IMG: In my industry, we deal with a lot of independent contractors to get work completed when we walk into crunch times and tight deadlines. Is that an option for porting houses / software developers? Is there a talented pool of freelancers out there that can be hired for jobs, or does the industry generally tend to hire talented programmers on for the long haul and train them up as required?
Brad: I haven't seen or heard of too many freelance programmers who work like that in the Mac games business. Most of them work like Westlake - they sign a project and see it through to completion. The PC/console games market is different, and I have heard of programmers like you describe that swoop in to fix a specific part of a project that has slipped.
IMG: Last time we chatted, you mentioned that most of the Westlake employees work from home. That must take an awful lot of discipline to get work done without being distracted by the comforts of home. Do you work with a specific routine? Do you still run into “crunch times”, the period of time of intense work near the end of a project, similar to what game developers go through trying to get a new game out the door?
Brad: I suppose it takes some discipline, but we are all driven by milestone money. We get paid when we hit project milestones, so there's a great deal of incentive to keep moving forward. It doesn't hurt that you have the additional incentive of being able to play a game as the end result. :-)
There's definitely a crunch time at the end of the project, and some are a lot worse than others. EverQuest had a pretty horrific crunch time, and Age of Empires 2 had a pretty bad one as well. Some are fairly smooth – Civ3 wasn't that bad, and I seem to recall Jedi Knight 2 going fairly well.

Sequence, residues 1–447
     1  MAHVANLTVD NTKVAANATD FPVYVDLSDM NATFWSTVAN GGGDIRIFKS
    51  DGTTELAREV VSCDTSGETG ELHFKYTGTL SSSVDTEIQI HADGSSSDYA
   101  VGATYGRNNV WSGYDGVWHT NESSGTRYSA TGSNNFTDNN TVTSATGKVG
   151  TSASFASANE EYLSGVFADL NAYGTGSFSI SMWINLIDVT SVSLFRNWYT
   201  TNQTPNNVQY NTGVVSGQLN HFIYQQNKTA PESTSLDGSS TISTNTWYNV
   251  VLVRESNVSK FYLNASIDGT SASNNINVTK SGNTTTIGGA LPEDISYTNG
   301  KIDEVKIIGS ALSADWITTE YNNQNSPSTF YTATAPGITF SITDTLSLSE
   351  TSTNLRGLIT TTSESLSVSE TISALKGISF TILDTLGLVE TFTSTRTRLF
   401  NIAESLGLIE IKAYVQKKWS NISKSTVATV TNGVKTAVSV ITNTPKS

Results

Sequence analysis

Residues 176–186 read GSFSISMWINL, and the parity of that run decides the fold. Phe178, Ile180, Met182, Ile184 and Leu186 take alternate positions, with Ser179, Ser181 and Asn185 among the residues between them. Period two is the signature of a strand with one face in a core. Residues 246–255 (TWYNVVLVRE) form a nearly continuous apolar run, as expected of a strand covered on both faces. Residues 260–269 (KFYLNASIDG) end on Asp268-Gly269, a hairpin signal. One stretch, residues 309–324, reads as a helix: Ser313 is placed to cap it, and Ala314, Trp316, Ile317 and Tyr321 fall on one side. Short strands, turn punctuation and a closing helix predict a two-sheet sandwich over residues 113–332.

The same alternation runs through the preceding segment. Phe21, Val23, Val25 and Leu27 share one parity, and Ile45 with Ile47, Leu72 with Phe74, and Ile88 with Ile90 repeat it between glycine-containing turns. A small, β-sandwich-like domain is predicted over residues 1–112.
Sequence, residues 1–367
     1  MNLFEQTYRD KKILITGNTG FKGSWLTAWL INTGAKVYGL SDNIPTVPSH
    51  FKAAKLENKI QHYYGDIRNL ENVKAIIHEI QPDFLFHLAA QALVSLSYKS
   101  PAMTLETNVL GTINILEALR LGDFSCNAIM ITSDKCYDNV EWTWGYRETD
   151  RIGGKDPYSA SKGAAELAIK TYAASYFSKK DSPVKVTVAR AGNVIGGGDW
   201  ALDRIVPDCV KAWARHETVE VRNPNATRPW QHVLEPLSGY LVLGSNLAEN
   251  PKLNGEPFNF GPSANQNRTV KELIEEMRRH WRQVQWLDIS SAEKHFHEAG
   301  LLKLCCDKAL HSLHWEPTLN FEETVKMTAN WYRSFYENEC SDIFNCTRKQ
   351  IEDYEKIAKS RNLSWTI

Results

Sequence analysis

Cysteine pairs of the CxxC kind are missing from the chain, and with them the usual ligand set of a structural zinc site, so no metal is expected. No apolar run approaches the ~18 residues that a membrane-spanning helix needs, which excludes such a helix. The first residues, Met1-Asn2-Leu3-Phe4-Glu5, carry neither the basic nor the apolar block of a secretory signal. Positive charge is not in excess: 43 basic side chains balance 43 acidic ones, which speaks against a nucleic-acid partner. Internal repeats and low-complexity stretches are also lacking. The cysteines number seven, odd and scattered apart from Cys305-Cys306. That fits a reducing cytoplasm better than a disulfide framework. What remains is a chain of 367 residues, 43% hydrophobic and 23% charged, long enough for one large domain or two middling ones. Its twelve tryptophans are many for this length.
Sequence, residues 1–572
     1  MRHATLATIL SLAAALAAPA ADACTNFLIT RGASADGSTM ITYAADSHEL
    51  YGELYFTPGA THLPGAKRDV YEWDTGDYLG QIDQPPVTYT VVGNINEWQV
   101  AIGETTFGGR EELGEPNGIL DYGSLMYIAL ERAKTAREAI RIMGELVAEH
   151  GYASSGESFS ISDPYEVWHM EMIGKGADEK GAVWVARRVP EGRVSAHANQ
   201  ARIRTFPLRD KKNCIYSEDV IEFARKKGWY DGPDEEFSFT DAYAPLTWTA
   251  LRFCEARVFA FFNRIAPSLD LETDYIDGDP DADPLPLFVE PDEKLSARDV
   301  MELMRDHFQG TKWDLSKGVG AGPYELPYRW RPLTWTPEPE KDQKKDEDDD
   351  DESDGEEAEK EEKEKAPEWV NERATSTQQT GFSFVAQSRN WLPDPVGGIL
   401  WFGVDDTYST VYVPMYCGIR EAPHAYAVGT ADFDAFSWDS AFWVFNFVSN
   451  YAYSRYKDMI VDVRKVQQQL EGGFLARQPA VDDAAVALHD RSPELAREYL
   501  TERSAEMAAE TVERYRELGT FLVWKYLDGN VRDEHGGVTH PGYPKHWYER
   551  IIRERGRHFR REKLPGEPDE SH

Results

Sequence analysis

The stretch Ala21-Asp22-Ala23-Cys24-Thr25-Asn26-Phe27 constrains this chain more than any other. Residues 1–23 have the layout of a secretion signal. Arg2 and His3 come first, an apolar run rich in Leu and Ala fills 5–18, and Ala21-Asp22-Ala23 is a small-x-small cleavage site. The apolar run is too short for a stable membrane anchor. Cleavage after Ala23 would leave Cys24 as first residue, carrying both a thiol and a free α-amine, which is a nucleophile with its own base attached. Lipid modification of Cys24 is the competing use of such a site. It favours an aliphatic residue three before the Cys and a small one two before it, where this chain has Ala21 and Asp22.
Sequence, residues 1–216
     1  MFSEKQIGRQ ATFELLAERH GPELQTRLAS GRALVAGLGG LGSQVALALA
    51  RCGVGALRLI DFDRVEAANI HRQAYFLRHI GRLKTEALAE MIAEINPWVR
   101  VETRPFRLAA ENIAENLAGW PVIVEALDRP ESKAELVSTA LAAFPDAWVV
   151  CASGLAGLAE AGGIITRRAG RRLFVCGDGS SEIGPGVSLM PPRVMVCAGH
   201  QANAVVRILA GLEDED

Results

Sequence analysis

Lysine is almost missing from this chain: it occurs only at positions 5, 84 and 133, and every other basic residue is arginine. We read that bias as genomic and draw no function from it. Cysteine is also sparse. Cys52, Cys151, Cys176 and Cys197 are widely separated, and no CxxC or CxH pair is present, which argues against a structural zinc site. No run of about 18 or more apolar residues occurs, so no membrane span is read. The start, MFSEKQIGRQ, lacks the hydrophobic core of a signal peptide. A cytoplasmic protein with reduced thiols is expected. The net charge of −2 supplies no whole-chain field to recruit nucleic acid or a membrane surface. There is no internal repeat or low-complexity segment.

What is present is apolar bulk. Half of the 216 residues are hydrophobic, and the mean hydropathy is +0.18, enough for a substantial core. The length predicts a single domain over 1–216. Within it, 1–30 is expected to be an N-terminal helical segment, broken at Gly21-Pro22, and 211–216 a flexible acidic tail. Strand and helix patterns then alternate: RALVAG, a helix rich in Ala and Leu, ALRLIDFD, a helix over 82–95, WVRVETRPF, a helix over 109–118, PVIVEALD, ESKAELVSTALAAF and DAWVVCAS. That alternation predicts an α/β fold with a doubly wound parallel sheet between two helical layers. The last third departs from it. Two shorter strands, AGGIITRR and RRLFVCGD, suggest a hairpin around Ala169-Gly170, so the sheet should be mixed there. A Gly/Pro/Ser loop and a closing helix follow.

IMG: I’m assuming that Westlake keeps you busy even when your projects have some downtime, ie when a project gets shipped off to the publishers for approvals. Is the nature of your work loose enough that you can have a few projects on the go concurrently?
Brad: There are always patches to work on in the downtime. As for concurrent projects, that's fairly uncommon nowadays. Most projects are getting bigger and bigger, so more often we're seeing 2 (or more) people on a project. Quake 3-based games and expansion packs seem to be the exception - most of those are fairly light and easy to port.
IMG: I just have a couple quick questions regarding Westlake’s port of Halo, if you don’t mind. Westlake currently has three programmers working on the Halo port. That seems like a larger number of programmers than usual. Is that due to the nature of the code , the production schedule, or good business tactics?
Brad: It's mainly because Halo is a big, complicated beast. :-)
IMG: Generally, when a publisher approaches you guys with a project, do they get to dictate the number of people on the job, or is that decided internally?
Brad: It's mainly an internal decision. We bid projects based on man-months of work. So if we find a project will take, for example, 8 man-months, and some of those involve easily separated tasks (like networking), and the publisher has a deadline of, say, 6 months, then we might put a second body on it for 2 months to make that deadline.